Saturday, June 4, 2011

Pagan Devotions and Christianity

Many critics of Christianity often take the 'resemblance' of Christianity to various pagan myths to be evidence that Christianity itself is merely a variation of these myths, though perhaps mapped onto actual history. With that last qualification begrudgingly conceded to due to the wealth of available historical evidence corroborating Christian claims. Though, this very fact of historicity undermines the claims of similarity immediately, at one level, because pagan myths lack this element almost entirely.

Still, these critiques do present some questions that Christians have to confront: Is there such a resemblance? If so is it a significant resemblance, or merely a superficial one? If there is some substantial resemblance on some level, what does that mean? Does it mean that Christian claims are untrue, or that scripture is merely a re-tooled pagan myth?

Without even being particularly well-versed in history and simply utilizing formal logic, it can easily be seen that, even if there were substantial pagan precedents to Christianity, it wouldn't say anything about Christian truth claims, nor necessitate the conclusion that Christianity is also fully -- or largely -- myth, even if it had -- in some sense -- been preceded by religious practices and devotions in late antiquity. And, once you actually do delve into the details of history, this becomes all the more obvious because many of the supposed similarities to Christian belief and thought are superficial or non-existent, while the similarities that do exist are easily explicable within the bounds of Christian thought.

A podcast I listen to regularly (Take the Stand) recently tackled this issue, and they do a good job of employing the traditional (and potent) Christian apologetics on the issue. Some supposed similarities are simply fabricated; others are exaggerated; others exist but are superficial; others are legitimate similarities but only analogous to a single aspect of Christian belief (if that), not to the whole; Pagan myths differ in their very intent and content, whatever details may be vaguely similar.

On top of this, Christian thought maintains that Christ is the creator of all things and that Creation expresses the work of the creator in its fabric. With this being the case, its even less surprising that humans -- even prior to the Incarnation -- should stumble upon this truth, though necessarily in a pale, shadowy, incomplete form.

After I had just listened to this episode, David Bentley Hart wrote a new article on this matter as well. Hart takes a much different approach, instead choosing to acknowledge significant pagan analogs to Christianity "in the intensity of piety, in the spiritual longings it answered, even in its liturgical and sacramental conventions." Part of the intent of Hart's piece seems to jolt Christians out of their reactionary denials of any similarity, instead noting that certain stylistic and spiritual similarities are undeniable, and that this fact should hardly be surprising (though Hart deliberately narrows his focus to the styles of religious devotion, rather than the areas of moral or narrative content, historicity, truth, etc.)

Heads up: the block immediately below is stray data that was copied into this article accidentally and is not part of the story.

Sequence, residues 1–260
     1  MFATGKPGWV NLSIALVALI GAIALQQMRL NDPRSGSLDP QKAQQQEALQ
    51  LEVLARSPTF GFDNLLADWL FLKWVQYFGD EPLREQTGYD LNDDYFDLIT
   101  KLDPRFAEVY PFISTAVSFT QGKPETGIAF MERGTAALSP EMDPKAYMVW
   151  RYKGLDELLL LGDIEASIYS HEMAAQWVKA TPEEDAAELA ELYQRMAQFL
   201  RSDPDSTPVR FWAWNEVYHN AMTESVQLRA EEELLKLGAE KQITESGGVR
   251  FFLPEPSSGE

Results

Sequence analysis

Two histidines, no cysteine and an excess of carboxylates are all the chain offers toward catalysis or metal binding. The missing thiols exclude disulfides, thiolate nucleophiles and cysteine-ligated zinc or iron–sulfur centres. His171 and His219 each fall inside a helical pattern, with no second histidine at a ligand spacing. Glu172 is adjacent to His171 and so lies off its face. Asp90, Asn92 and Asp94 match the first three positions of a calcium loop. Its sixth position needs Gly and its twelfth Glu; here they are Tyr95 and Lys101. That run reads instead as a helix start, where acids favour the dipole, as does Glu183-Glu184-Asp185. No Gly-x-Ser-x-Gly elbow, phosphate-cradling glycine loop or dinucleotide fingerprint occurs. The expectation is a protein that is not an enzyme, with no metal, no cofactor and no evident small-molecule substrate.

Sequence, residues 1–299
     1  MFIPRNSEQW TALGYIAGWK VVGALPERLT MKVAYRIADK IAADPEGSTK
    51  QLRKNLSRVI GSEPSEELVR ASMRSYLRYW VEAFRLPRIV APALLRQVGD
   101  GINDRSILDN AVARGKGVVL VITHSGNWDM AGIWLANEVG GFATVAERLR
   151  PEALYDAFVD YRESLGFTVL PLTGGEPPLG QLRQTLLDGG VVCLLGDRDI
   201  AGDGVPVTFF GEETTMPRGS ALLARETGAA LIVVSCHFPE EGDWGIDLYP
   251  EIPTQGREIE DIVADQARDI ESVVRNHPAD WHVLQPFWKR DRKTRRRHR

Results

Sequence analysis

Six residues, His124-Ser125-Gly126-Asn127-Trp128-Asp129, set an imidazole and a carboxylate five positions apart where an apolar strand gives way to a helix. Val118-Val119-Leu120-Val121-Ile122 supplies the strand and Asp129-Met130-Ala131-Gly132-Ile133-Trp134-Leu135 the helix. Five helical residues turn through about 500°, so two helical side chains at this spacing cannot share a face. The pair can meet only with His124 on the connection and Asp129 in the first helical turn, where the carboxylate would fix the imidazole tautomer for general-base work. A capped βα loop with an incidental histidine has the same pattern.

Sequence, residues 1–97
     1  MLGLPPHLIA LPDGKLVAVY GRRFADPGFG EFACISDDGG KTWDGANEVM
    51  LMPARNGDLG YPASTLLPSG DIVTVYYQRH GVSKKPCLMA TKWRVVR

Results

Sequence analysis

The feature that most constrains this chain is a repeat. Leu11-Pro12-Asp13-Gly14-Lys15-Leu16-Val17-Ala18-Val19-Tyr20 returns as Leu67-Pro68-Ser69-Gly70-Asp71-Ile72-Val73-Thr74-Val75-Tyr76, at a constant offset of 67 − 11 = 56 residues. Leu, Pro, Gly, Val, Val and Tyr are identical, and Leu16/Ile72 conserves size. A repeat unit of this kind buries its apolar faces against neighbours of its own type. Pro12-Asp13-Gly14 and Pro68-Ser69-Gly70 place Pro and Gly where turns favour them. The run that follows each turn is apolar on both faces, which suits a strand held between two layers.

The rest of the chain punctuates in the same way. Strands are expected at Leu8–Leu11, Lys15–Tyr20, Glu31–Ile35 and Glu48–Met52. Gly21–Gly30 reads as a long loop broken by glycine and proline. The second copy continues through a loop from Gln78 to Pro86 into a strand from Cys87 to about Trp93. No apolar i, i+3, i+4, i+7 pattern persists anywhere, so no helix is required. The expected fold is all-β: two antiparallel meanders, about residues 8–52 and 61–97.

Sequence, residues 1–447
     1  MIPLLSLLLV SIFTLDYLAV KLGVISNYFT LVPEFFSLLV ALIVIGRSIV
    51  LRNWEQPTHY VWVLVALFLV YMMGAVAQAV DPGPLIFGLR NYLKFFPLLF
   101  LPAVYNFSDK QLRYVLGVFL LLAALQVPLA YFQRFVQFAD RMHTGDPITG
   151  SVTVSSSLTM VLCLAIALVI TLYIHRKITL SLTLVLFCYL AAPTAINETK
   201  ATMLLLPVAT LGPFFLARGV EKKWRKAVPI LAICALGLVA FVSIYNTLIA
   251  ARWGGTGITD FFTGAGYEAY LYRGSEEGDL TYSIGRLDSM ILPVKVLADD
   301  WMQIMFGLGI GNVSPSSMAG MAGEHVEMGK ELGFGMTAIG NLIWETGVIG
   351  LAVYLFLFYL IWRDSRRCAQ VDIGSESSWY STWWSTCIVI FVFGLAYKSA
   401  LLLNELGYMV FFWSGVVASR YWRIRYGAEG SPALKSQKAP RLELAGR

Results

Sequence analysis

Christianity is, in fact, historically rooted, so there's no reason to suspect that its worship, devotions, or language would differ markedly from the prevalent styles of the time. What we as Christians need to maintain is not complete originality on all matters, though we must argue in favor of the historicity of Christ, and deny claims of 'legend' or 'myth' being significantly present in scripture. What makes Christianity important and different is that it is true, not that it is wholly original in its human devotions or stylistic conventions.

Christian thought does make significant claims to telling a new narrative of reality and being and professes a content that is unlike any other in the ultimacy and finality of its truth (pagan myths were not even believed to encompass a complete account of being, but rather were almost always accounts of gods within an economy of gods) and on this count we should persist and be vigilant. The actual content of the Christian faith is something entirely new and original and true, and none of the vague, imprecise approximations of that content that existed in late antiquity (some of those being influenced by Christian thought, and not the other way around) do anything to circumvent this claim. Nor do they make the conclusion that the authors of Biblical texts 'copied' or 'appropriated' significantly from pagan myths any less untenable.

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